The problem is that if the data is stored on SQL-based database technology, a simple and fast navigation through all the data in order to recognise how a production line or particular pallets and their contents are connected proves impossible. And with increasing connectivity and a move to the Internet of Things, this complexity is unlikely to decrease.
Relational databases, which store information (product, pallet, production site, serial number etc.) in rows and columns, are poorly-equipped for identifying relationships within datasets. It’s these same connections, however, that are essential for identifying a specific product’s whereabouts, or to monitor, analyse and search the supply chain, and to share significant data about production sites and products.
Making traditional databases work in real time is also problematic, with performance suffering as the dataset size grows. The good news is that a software called graph database technology is emerging as a solution, because of its ability to record complex data interdependencies. The idea is that when you track something, you create a hierarchy or ‘tree’ of data: if you scan the code of a particular pallet, it will automatically recall its contents.
Graphs therefore offer a tremendous advantage over traditional relational databases when it comes to mapping complex, inter-connected supply chains, maintaining high performance even with vast volumes of data as they do. And instead of using relational tables, graph databases use structures better at analysing interconnections in data, and they also adopt a notational formalism closely aligned with the way humans think about information. Once the data model is coded, a graph database is highly efficient at analysing the relationships between a large number of data points.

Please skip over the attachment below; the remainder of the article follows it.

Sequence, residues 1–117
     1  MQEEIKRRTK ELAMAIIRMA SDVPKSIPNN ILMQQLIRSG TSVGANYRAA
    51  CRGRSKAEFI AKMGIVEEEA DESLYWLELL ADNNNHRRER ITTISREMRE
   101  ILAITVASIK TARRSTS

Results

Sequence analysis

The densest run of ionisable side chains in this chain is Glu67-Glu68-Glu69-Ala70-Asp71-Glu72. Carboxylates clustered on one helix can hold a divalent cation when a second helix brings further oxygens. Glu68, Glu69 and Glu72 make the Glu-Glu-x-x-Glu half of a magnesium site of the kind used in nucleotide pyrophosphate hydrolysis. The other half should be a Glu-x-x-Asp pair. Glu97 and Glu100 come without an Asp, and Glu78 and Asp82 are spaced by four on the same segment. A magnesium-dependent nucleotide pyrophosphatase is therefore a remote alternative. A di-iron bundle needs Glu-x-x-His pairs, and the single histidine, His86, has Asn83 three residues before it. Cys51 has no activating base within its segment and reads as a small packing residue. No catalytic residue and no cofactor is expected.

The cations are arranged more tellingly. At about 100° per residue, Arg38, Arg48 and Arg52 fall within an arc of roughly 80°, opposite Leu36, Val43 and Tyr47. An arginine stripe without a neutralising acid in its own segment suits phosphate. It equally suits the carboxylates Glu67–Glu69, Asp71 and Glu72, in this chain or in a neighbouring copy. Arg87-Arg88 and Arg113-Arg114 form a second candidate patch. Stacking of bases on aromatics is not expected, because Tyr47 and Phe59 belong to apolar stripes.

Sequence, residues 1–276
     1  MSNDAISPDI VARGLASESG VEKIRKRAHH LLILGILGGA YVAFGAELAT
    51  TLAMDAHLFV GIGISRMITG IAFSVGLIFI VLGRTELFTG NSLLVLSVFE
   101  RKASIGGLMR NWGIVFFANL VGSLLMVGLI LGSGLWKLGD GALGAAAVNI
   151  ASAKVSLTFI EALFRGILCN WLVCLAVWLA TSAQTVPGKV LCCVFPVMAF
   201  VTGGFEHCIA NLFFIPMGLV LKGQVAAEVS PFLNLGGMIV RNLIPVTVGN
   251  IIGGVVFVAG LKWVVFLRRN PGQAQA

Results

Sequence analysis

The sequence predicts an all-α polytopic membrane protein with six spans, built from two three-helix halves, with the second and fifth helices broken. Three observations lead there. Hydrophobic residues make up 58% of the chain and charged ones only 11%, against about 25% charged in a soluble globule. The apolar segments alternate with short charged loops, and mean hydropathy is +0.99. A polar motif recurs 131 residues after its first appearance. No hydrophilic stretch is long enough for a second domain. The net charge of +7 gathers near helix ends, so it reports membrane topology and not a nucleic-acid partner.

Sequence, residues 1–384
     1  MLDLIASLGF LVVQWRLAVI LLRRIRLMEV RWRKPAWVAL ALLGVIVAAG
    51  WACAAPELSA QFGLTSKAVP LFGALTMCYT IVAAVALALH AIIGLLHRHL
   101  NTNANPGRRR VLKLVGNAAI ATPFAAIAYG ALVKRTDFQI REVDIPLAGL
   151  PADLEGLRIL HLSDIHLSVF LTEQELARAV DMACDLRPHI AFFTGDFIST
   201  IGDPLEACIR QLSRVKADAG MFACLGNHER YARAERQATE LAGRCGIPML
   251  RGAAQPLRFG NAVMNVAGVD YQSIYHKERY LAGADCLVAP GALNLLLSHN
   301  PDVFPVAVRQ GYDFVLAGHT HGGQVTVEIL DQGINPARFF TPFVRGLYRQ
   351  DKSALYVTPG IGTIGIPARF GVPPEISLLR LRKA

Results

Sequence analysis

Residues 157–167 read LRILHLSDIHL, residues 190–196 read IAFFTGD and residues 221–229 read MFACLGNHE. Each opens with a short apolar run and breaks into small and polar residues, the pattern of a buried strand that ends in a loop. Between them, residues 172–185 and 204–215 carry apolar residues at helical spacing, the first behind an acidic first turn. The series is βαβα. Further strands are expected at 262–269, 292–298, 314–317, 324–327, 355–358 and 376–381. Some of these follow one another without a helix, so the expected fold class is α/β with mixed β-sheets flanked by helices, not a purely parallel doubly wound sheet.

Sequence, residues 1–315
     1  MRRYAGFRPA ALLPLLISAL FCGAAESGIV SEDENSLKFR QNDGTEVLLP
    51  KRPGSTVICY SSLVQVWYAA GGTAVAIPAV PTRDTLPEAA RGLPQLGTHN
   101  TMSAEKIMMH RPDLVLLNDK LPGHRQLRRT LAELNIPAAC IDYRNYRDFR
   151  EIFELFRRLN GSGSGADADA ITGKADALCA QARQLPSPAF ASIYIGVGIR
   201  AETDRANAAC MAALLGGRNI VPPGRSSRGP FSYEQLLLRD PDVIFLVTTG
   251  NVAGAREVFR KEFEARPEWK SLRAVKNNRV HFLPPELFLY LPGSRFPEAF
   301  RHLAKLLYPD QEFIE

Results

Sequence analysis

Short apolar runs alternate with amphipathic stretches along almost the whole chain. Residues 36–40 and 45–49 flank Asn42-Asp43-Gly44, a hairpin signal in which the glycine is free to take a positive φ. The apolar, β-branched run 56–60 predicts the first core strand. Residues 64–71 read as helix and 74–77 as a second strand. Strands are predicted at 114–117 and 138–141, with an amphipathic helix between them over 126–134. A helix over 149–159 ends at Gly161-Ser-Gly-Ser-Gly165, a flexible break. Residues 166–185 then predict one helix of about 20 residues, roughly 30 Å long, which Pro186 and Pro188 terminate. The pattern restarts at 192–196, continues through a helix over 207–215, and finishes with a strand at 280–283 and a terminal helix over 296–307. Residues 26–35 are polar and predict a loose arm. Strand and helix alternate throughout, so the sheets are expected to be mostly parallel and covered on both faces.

This kind of relationship-centric approach enables the manufacturer to better manage, read and visualise their data, giving them a truly trackable and in-depth picture of all products, suppliers and facilities and the relationships between them. Using a graph database, manufacturers can typically demonstrate 100 times faster query response speeds than that enabled by SQL RDBMS software.
As Chris Morrison, Chief Executive Officer of one of our graph customers, Transparency-One, which matches together consumer products and supply chain expertise with cutting edge technology, notes, “We tested graph with dummy data for several thousand products, and there were no performance issues. As for the search response time, we didn’t have to worry about taking special measures, since we got back results within seconds, something that we would not have been able to calculate without this solution.”
That sort of response time is critical when you need to provide second or sub-second responses or to identify a specific product’s location. It’s also going to be critical in helping you comply with the latest global regulations of traceability and to manage that time-critical and reputation-critical product recall effectively.
So graph database technology is a great enabler for any manufacturer or supply chain stakeholder today that needs to adequately tackle complicated, interconnected and real modern-day supply chains.
The author is CEO and Co-Founder of Neo4j, the world’s leading graph database company